The Canada Health Transfer: Premiers are ramping up their pressure on Justin Trudeau to have the federal government increase its share of health care funding to the provinces and territories. The Prime Minister has continuously messaged to the premiers that he is open to having this conversation only once the “acute crisis” of the pandemic has passed. With capacity health care capacity stretched across the country, the premiers are getting impatient – expect them to ratchet up the pressure on coming to a new funding agreement.

Supply chains: Global supply chain challenges are impacting nearly every sector across Canada. Challenges are wide-ranging and include shortages of critical materials like semi-conductors and disruptions driven by the pandemic, including absenteeism of employees who have been exposed or infected. The federal government has begun consultations with those impacted through the National Supply Chain Summit, which commenced January 31 with additional consultations to come.

Ukraine: Tensions continue to run high as Russia has amassed troops on Ukraine’s border in an attempt to secure a commitment from Ukraine to not join NATO. Canada has been supportive of Ukraine, alongside other NATO allies and has provided Canadian troops to assist with security force training. Defence Minister Anita Anand was in Kyiv on January 30 and 31. The House of Commons will hold a debate on the situation in Ukraine on the evening of January 31.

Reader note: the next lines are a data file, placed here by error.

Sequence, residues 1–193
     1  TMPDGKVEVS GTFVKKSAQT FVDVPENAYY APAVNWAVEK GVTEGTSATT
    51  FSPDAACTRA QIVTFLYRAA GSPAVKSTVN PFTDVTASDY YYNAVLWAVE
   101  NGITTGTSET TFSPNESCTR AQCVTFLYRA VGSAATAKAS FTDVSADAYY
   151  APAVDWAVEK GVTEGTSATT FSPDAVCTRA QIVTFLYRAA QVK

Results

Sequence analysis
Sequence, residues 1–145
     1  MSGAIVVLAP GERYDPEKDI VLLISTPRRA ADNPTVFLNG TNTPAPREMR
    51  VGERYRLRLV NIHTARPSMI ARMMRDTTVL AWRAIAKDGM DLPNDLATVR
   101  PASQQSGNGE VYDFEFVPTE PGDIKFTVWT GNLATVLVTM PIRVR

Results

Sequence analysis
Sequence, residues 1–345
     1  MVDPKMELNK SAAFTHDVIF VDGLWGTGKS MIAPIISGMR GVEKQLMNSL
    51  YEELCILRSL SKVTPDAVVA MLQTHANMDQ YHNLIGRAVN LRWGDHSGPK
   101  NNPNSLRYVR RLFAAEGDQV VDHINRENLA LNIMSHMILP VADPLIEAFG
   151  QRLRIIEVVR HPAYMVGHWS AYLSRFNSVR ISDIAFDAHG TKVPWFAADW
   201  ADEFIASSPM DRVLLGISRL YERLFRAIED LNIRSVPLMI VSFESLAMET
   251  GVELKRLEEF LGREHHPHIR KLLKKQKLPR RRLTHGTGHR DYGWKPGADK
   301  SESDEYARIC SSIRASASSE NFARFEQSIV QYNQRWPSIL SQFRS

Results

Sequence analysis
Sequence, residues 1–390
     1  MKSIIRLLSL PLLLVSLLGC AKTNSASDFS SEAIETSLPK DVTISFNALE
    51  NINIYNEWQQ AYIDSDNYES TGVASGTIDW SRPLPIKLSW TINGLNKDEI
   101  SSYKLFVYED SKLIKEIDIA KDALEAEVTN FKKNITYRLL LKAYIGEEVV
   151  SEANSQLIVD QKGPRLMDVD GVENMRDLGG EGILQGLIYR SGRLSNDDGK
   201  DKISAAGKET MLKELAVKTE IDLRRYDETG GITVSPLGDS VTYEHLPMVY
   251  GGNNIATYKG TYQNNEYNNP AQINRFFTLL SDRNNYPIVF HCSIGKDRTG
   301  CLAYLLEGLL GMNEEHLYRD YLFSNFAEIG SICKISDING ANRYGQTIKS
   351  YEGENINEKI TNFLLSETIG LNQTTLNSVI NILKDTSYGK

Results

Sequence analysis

What to Expect Next

As the House resumes sitting until June 23 when it will rise for the summer break, here is what we expect next:


While many criticized the Liberals for a slow return to parliament once the writs of the election had been returned, to the surprise of many a flurry of legislation was successfully passed before rising for the winter break – including a ban on conversion therapy which was supported by the Conservatives.

When the election was called this summer, a number of bills that had been introduced by the Liberals died on the Order Paper, and we expect many of those to be re-introduced, including legislation related to strengthening the Canadian Environmental Protection Act and reforming the Privacy Act for the digital age.

The Liberals also committed to passing several bills in their first 100 days of government – the self-imposed deadline expires on February 3. To fulfill this commitment the Liberals will have to introduce legislation related to:

  • Updating the Broadcasting Act to regulate foreign web giants, and ensure they contribute to the creation and promotion of Canadian content. This commitment was previously captured in Bill C-10, which passed the House, but not Senate.
  • Requiring web giants that link to media content on their digital platforms, to compensate the media companies who originally created the content. Canadian legislation will mirror Australia’s.